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Schenectady sets public hearing for plastic straw ban

Schenectady sets public hearing for plastic straw ban

Schenectady sets public hearing for plastic straw ban
Tim Taney, owner of Slidin' Dirty, located at 512 State St. moves straws at the bar in April
Photographer: Marc Schultz/Gazette Photographer

SCHENECTADY — Better start hoarding those plastic straws.

City officials on Monday voted for a resolution that paves the way for a public hearing on a proposed plastic straw ban.

It's expected the hearing will be May 29, the date subject to full City Council approval next week.

Council members Karen Zalewski-Wildzunas and John Polimeni announced the legislation last month.

The lawmakers said cities are leading the charge nationwide on banning plastic straws, which they contend not only present an environmental threat, but also drive up municipal recycling costs. 

“It’s an opportunity for us to lead on something and not scamper away on our duty of taking care of our environment,” Polimeni said.

Zalewski-Wildzunas participated in the Woodlawn Park neighborhood cleanup last month.

“I should have counted how many straws I picked up along the fence line,” she said. “It’s become quite evident straws don’t recycle — they stay around forever.”

If approved by the City Council, the ban would take effect Jan. 1, 2020.  

Restaurants would be required to provide biodegradable straws or forego them entirely.

“I think a lot of restaurant owners are open to this,” Zalewski-Wildzunas said.

Establishments may provide “suitable” straws or stirrers for consumers with a disability or medical condition upon request, according to an early draft of the legislation. 

Violating the ban would be punishable by fines.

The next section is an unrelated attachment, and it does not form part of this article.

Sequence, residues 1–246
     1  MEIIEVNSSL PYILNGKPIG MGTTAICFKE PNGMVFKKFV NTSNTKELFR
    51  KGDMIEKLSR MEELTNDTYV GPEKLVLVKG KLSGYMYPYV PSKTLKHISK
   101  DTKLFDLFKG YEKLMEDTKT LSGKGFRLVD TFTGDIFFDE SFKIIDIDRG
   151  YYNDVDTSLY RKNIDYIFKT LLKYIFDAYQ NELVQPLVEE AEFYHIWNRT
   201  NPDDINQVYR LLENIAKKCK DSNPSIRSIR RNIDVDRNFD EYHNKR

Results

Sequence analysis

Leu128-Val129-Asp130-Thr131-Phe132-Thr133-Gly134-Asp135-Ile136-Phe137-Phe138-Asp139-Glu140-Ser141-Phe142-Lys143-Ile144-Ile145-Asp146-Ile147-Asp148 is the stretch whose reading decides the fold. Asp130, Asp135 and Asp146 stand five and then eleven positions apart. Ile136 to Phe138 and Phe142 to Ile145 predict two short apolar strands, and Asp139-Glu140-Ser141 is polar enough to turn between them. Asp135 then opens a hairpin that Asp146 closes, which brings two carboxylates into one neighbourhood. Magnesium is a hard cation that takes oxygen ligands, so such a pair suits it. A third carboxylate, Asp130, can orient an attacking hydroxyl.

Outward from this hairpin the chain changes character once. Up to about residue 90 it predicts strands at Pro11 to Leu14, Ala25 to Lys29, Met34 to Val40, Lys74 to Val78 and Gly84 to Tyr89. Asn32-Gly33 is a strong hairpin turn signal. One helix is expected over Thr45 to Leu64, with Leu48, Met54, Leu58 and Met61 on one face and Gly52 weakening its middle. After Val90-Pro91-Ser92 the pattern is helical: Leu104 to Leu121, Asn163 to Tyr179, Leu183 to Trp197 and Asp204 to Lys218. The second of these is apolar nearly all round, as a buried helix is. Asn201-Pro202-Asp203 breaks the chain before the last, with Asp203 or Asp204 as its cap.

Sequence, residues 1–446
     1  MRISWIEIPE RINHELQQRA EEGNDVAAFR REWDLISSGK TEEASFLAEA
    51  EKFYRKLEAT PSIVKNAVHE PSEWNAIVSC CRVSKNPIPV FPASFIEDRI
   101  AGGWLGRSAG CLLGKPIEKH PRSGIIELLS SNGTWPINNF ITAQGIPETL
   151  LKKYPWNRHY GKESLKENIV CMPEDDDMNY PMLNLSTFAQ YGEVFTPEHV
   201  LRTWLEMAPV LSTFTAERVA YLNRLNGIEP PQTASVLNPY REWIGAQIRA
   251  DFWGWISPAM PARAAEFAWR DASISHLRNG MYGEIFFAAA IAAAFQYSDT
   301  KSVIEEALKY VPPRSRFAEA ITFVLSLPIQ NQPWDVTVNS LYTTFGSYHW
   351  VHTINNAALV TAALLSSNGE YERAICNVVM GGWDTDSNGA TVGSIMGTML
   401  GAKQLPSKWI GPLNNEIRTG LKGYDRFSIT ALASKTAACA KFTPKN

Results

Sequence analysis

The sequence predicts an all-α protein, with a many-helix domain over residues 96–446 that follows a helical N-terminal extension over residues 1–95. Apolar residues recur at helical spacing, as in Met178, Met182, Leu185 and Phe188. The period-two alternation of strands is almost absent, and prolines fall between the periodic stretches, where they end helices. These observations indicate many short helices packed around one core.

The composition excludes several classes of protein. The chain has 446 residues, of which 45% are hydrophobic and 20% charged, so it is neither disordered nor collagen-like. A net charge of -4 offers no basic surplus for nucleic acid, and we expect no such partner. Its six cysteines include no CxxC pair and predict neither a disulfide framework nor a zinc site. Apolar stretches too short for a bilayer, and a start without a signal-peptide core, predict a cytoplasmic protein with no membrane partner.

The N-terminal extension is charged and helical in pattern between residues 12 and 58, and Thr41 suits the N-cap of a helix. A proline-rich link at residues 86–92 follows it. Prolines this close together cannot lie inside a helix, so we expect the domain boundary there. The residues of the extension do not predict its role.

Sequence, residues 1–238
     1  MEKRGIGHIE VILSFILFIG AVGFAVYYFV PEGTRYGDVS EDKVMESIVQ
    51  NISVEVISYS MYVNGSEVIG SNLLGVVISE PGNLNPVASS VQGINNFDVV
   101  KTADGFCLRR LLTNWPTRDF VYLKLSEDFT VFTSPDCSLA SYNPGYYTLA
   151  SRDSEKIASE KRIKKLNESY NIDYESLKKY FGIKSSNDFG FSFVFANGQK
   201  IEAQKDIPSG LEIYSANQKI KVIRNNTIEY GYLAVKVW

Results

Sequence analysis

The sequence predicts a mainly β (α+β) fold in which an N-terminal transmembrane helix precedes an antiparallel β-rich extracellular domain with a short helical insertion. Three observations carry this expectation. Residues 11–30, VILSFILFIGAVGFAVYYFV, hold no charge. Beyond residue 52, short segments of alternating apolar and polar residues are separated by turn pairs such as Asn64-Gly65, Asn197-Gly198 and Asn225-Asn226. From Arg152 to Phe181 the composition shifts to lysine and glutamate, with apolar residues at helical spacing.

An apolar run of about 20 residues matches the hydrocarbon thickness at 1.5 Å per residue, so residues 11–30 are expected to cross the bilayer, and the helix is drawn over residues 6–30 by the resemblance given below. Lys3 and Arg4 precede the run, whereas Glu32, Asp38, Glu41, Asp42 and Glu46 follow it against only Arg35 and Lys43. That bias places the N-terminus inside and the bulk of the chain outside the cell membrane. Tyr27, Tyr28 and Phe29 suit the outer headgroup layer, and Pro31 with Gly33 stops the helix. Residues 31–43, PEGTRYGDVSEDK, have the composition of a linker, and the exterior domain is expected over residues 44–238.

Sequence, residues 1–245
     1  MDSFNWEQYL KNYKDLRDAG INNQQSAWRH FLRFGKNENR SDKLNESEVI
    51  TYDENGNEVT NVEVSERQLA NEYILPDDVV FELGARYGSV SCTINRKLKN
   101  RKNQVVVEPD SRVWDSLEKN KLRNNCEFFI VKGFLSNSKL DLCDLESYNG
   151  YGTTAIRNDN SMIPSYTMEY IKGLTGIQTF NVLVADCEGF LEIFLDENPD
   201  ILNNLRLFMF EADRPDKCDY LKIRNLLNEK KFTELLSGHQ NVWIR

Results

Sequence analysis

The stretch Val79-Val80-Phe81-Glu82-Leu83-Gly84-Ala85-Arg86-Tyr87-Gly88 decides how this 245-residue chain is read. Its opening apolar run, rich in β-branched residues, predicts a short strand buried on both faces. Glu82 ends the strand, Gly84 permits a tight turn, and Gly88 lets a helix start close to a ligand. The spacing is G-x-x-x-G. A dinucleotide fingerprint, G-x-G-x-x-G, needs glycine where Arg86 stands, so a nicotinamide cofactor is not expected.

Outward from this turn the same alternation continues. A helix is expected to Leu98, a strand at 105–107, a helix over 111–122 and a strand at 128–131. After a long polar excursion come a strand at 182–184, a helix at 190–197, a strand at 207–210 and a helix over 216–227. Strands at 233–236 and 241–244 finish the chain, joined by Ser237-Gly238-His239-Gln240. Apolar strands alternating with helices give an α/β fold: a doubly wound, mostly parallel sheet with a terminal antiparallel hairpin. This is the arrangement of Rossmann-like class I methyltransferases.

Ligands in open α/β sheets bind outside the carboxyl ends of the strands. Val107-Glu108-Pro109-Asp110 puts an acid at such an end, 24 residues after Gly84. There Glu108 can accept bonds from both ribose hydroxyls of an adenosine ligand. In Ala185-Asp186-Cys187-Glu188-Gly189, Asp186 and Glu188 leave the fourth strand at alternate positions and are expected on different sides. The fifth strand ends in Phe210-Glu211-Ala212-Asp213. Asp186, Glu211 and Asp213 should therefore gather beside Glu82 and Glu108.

Councilwoman Leesa Perazzo asked how the city would enforce the law.

“It’s easy enough for code enforcement to do,” Polimeni said.

He expected residents would call City Hill to report violators.

City Council President Ed Kosiur questioned punting enforcement back to the city’s codes department, which officials have already said is grappling with limited resources.

“We can’t keep up with the stuff codes is doing now,” Kosiur said.

He indicated a piecemeal approach is not optimal.

“I really think it should be a state or county issue,” he said.

An outstanding bill co-sponsored by state Assemblyman Phil Steck, D-Colonie, would require restaurants only provide single-use plastic straws to customers when explicitly requested or when selected by the consumer from a self-service dispenser.

City Council members directed Corporation Counsel Carl Falotico to research the legality of a local law.

Councilman Vince Riggi said he isn’t opposed to banning straws, but any effort needed to be paired with broader enforcement of anti-littering laws that carry financial penalties.

Plastic straws constitute just a small part of trash piling up along city roads, he said.

“I’d like to see it carried out in a more comprehensive way,” Riggi said. “We have to start enforcing our litter law in this city. I’d like to see a more comprehensive plan for litter than just straws.”